After MUCH, MUCH, MUCH searching (I'm sure finding the Holy Grail was easier) for an acceptable Pine Bark Fines product in Houston for Tapla's 5:1:1 container recipe, he has blessed off on the product at the Link below!
Evergreen Organic Soil Conditioner, available at Lowe's for $2.90/per 2 cu.ft. bag! (this is the online price)
My Lowes didn't carry it. I'm eager to hear how it works for you, especially if you put any into raised beds.
I did find a trade association that will steer us towards producers of fired clay pellets, not necessarily distributors:
Expanded Shale, Clay and Slate Institute
e-mail: email@example.com http://www.escsi.org
The RIGHT stuff, Double Grind Pine Bark can be found at:
Timber Solutions Soil Yard
14022 S. Gessner Road
Missouri City, Tx. 77489
Jimmy Quinn, Owner
Jimmy is out of the double grind pine bark until maybe March of 2014. But, trust me, IT'S THE RIGHT STUFF!
Tapla himself located it for me after I had searched Houston for over six months and was about to give up. It does a fabulous job of stretching the container and garden soil mixes. I have had great success and joy in working with this particular product.
I do sift mine through 1/2" hardware cloth to get the dust and small particles up to about nickel size to use for seed starting and container mixes. I either break down the larger chunks (which sliver easily like almonds when you hit them with the edge of the shovel) into smaller particles, or just toss the larger slivers into the raised bed garden.
It provide excellent drainage and aeration to the raised bed gardens and to the container mixes. My container mixes (after experimentation with Tapla's ratios) ended up being either 5 parts PBFs, 1 part peat (I used Miracle grow potting MIX as my peat component), and, 1 part perlite. In cases where I needed more water retention and less fast drainage, my ratio was 4:2:1 (increase the peat portion).
Since identifying the RIGHT stuff, I kept looking around and, woudn't you know it, the soil yard about a mile from my home has an equally good product I can use when I can't get to JImmy's.
Check out the double grind pine at Wayne's. He's on the corner of Hwy. 288S and the Beltway:
Wayne's Landscape Supply
2901 South Sam Houston Parkway East
Houston, TX 77047
The double grind pine bark really stretches your garden soil. And the plants really respond (almost immediately) to the aerated soil. The slivered pine bark provides structure to the soil and creates little pockets of oxygen in the soil. The plants grow exceptionally well in this mixture.
Godspeed, and Good Harvest!
P.S. Both places deliver. Since I don't wanna spend $ on the delivery fee, the first time I went to Jimmy's I lined the bed of a pickup truck I borrowed with my 5 gallon buckets. When the loader dumped the PBFs, most of it fell right into the buckets! EZ unloading, and just swept up the loose bits.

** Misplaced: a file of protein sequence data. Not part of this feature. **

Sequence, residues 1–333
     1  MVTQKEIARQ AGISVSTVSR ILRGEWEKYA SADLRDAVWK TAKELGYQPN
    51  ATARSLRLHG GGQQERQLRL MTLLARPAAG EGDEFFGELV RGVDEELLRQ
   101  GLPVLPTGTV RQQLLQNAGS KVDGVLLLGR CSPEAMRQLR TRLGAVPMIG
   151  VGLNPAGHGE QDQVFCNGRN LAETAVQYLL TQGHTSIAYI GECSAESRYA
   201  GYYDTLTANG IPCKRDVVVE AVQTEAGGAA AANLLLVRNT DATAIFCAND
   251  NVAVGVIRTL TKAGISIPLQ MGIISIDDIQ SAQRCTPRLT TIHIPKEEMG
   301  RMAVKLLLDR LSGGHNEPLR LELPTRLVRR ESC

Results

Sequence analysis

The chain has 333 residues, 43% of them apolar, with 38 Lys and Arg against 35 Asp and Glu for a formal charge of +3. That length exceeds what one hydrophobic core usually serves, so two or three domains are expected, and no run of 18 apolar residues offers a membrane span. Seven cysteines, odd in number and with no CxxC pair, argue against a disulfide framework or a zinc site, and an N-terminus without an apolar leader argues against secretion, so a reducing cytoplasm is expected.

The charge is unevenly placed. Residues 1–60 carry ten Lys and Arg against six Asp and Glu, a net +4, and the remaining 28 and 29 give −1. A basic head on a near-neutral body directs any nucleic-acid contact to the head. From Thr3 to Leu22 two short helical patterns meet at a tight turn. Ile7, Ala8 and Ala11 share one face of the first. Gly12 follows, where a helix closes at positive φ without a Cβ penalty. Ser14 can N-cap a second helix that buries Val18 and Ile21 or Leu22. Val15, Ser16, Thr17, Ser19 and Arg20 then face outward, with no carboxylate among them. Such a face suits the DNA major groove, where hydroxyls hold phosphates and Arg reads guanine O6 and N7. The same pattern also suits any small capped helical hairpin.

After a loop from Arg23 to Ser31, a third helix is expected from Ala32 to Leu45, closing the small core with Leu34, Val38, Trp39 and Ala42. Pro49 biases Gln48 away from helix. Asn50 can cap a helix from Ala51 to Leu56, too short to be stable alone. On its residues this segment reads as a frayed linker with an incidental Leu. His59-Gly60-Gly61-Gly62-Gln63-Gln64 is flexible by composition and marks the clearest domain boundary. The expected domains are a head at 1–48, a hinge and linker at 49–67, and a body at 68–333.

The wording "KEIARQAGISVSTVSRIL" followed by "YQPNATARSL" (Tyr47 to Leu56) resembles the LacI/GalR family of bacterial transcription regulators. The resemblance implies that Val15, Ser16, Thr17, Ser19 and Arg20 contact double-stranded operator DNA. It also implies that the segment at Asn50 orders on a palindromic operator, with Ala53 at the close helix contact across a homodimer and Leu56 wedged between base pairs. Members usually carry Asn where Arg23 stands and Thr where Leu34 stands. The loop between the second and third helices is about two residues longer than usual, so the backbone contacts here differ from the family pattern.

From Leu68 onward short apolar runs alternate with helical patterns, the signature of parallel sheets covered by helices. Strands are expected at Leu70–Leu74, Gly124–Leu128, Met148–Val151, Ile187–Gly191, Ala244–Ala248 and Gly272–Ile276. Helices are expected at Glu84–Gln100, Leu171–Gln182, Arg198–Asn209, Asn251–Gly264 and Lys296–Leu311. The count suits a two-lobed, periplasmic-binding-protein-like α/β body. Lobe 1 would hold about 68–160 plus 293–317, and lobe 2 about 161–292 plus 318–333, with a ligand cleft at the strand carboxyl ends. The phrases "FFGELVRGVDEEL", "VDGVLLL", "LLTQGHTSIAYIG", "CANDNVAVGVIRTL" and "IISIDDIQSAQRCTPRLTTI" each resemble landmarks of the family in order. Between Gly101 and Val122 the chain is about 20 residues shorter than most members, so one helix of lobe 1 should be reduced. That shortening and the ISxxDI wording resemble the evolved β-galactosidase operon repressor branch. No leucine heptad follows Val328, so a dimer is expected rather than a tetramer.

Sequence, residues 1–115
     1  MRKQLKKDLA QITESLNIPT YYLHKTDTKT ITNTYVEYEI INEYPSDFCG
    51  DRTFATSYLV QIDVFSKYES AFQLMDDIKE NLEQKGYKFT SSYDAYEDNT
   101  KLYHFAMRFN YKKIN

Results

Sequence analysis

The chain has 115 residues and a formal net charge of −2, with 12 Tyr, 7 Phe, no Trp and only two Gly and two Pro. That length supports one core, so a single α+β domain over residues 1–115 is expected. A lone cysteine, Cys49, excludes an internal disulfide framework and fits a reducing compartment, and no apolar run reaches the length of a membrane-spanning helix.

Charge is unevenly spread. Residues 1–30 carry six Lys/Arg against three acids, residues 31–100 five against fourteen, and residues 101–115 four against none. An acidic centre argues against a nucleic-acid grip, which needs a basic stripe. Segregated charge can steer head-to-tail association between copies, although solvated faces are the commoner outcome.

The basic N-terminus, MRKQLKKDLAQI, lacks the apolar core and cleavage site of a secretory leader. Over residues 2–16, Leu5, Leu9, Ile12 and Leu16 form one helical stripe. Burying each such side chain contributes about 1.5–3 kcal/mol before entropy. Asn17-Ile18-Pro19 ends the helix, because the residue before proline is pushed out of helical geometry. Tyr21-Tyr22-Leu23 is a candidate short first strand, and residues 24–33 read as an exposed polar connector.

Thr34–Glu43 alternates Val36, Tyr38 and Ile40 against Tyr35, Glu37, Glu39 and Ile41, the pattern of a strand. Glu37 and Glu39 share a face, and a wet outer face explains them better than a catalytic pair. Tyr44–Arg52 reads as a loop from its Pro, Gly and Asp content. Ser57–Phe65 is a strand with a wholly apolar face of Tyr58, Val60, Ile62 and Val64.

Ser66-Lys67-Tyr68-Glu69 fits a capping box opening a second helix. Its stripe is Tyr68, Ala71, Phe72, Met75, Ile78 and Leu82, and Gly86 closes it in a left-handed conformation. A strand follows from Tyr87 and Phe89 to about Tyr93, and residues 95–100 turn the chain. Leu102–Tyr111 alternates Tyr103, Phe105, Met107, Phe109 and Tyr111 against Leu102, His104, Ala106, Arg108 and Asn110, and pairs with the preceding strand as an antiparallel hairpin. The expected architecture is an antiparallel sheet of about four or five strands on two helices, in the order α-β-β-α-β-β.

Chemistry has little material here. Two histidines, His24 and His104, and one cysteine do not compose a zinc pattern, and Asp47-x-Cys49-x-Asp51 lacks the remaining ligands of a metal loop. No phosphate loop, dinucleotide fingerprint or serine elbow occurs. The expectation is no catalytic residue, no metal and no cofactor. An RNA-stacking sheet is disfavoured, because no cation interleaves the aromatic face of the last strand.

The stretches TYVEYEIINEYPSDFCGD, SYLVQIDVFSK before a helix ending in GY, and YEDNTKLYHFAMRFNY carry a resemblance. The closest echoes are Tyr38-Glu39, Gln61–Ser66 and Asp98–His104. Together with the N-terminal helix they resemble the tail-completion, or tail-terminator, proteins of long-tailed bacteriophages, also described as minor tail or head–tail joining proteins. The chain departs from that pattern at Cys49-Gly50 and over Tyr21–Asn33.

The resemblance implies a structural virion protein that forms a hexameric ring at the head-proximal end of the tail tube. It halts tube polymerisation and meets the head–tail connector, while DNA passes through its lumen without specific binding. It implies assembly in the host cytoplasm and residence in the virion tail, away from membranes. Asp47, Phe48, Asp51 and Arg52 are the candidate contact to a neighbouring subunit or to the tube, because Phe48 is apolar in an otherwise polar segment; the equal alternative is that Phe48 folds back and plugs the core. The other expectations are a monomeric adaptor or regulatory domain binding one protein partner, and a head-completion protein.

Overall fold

WARNING!!! Since there are "dust" particles in the pine bark fines (and you definitely want the "dust" particles), be sure to bring a TARP to cover your cargo, if you're picking it up yourself. Else, there'll be dust flying all over you, your truck, and the highway! Ask me how I know this...
#1 the RIGHT stuff on the pile at the yard. The chunks are drier, but sliver like almonds or snap between your fingers
#2 is a close up of the finer particles of the PBFs
#3 is in the truck bed, showing a good "dust" to larger chunks ratio. You want a fair amount of the "dust," in the mix. It becomes the "dirt" in the mix
#4 is the RIGHT stuff after I sifted it. Notice how moist it stays!
#5 is what the sifted PBFs look like -- it almost resembles MG Potting Mix before they started adding all the trash to it!
Working with the PBF mix is wonderful, cause it doesn't stick to your hands like real dirt!
Over 60 of them which were delivered last year to my cousin in College Station, GA. via another DGer passing through Houston on the way home to Georgia. She was pulling a half-empty trailer, and they made a rendezvous.
I've moved on to raised beds, but I still keep a couple buckets around. They still work well for water hogging veggies, LOL!
I'm impressed that you can keep the dust from a "ground" bark product. When I used nasty bark mulch from HD, there seemed to be much too much dust and fine stuff (along with dirt and twigs and who-knows-what). Even the "medium" mulch had a lot of very fine stuff, making me wonder what kind of screening, if any, they did!)
Then i went to a different product from Lowe's (fine bark NUGGETS). That was very clean in terms of dirt and twigs, and also seemed to be screened, there was so little dust.
I still screened out most of the big chunks (like over 1/2"). For seed starting in small cells, I also screened out stuff above 1/4" and kept mostly stuff that would pass a 1/4" screen fairly quickly.